> // Kerberos S4U extension to get a logon for the user
> // without a password.
> WindowsIdentity wi = new WindowsIdentity (identity);
> WindowsImpersonationContext wic = null ;
> try
> {
> wic = wi.Impersonate();
>
> // web service call
> }
> catch ( Exception ex)
> {
> // Ensure that an exception is not propagated higher in the call
> stack.
> }
> finally
> {
> // Make sure to remove the impersonation token
> if ( wic != null )
> wic.Undo();
> }
>
>
> "Joe Kaplan" wrote:
>
>> It would be easiest to do this by simply passing the user name as a
>> parameter in the SOAP body. However, the more "WS*" way to do it would
>> be
>> with a header like Dominick suggested. Another option would be to use
>> Windows auth on the web services and use protocol transition logon to
>> create
>> a Windows user identity for the user based on their user name and then
>> impersonate that.
>>
>> If the web services are only going to be called by you and aren't going
>> to
>> be a public API for other people, then I think I'd just pass the username
>> as
>> a parameter, but it is definitely something to think about carefully.
>> Each
>> approach implies different assumptions about how things will work and
>> takes
>> different dependencies.
>>
>> Joe K.
>>
>> --
>> Joe Kaplan-MS MVP Directory Services Programming
>> Co-author of "The .NET Developer's Guide to Directory Services
>> Programming"
>> http://www.directoryprogramming.net
>> --
>> "Abdullah" <(E-Mail Removed)> wrote in message
>> news:(E-Mail Removed)...
>> > well, I think your idea about the ip filter (which I believe is the
>> > same
>> > concept as IP tagging) will solve the authentication problem for sure.
>> > the
>> > only missing piece of the puzzl is how to propagate the identity of the
>> > caller (who signed in using form authentication) to the web services?
>> > The
>> > web
>> > services logic will perform specific job based on the identity of the
>> > caller.. plus, if an intruder managed to get control of the exposed IIS
>> > machine, wouldn't be a trivel matter for him to call into the web
>> > services
>> > then?
>> > Thanks again for your time and helpfull answers..
>> >
>> > "Dominick Baier" wrote:
>> >
>> >> Well - there are several ways to accomplish that.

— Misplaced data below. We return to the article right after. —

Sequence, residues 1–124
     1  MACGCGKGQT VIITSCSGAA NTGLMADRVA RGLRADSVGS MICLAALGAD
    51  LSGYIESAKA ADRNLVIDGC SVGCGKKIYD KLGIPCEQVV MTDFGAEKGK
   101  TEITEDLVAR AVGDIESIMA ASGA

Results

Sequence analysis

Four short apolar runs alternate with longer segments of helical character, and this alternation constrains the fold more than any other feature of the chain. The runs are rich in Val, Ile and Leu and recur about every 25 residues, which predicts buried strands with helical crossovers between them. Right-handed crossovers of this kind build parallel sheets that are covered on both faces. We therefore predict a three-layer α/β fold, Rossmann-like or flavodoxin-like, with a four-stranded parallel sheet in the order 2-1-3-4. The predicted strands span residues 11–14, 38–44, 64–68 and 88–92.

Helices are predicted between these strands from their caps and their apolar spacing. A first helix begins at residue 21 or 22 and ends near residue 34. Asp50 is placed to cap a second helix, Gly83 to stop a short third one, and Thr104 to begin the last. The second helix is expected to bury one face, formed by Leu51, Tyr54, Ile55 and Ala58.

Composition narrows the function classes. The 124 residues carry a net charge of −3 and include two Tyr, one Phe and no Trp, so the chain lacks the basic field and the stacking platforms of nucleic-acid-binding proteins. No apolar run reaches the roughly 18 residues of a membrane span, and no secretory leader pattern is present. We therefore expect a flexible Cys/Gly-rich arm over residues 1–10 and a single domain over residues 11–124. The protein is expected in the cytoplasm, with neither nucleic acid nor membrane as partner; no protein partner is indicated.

>> >>
>> >> The easiest is probably to configure an IP filter in IIS so that the
>> >> web
>> >> services only takes requests from localhost.
>> >>
>> >> You can pass the name of the authenticated client as a parameter or
>> >> header.
>> >>
>> >> Since you use active directory, you can also use windows
>> >> authenticaiton
>> >> for
>> >> the web services and restrict access to the windows identity that is
>> >> used
>> >> to run the web application.
>> >>
>> >>
>> >> -----
>> >> Dominick Baier (http://www.leastprivilege.com)
>> >>
>> >> Developing More Secure Microsoft ASP.NET 2.0 Applications
>> >> (http://www.microsoft.com/mspress/books/9989.asp)
>> >>
>> >> > Dominick
>> >> > Thanks for your prompt response.. it looks like i had a flow in my
>> >> > architecture..
>> >> > I will try to describe to you what I am trying to accomplish and
>> >> > maybe you
>> >> > could guide me with an approach..
>> >> > We're doing an e-business website, form authentication based on an
>> >> > external active directory. On the same website, we created a bunch
>> >> > of
>> >> > webservices that we would like them to be used only by the website.
>> >> > We
>> >> > also would like those webservices to know the identity of the caller
>> >> > to perform some business logic.
>> >> >
>> >> > Having said all that, what would be your recommendation? Thanks in
>> >> > advance for your great feedback, you just saved me a lot of running
>> >> > around
>> >> >
>> >> > "Dominick Baier" wrote:
>> >> >
>> >> >> There is no out of the box support for FormsAuthentication for web
>> >> >> service. FormsAuth uses redirects and cookies - thats very non web
>> >> >> service like.
>> >> >>
>> >> >> That said you can implement that by using the FormsAuthentication
>> >> >> API
>> >> >> and cookie support in the client proxy. This involves some testing
>> >> >> and you have to have a strategy how you handle ticket timeouts...
>> >> >>
>> >> >> I would rather recommend using basic authentication or WS-Security
>> >> >> with UsernameTokens...
>> >> >>
>> >> >> -----
>> >> >> Dominick Baier (http://www.leastprivilege.com)
>> >> >> Developing More Secure Microsoft ASP.NET 2.0 Applications
>> >> >> (http://www.microsoft.com/mspress/books/9989.asp)
>> >> >>
>> >> >>> Hi.. I am using form authentication on a web site that consumes
>> >> >>> web
>> >> >>> services. Can the identity of the user that is logged on to the
>> >> >>> web
>> >> >>> site passed to the web services for the same authentication? if
>> >> >>> so,
>> >> >>> what would need to be configuered? Thanks a lot,
>> >> >>>
>> >>
>> >>
>> >>

>>
>>
>>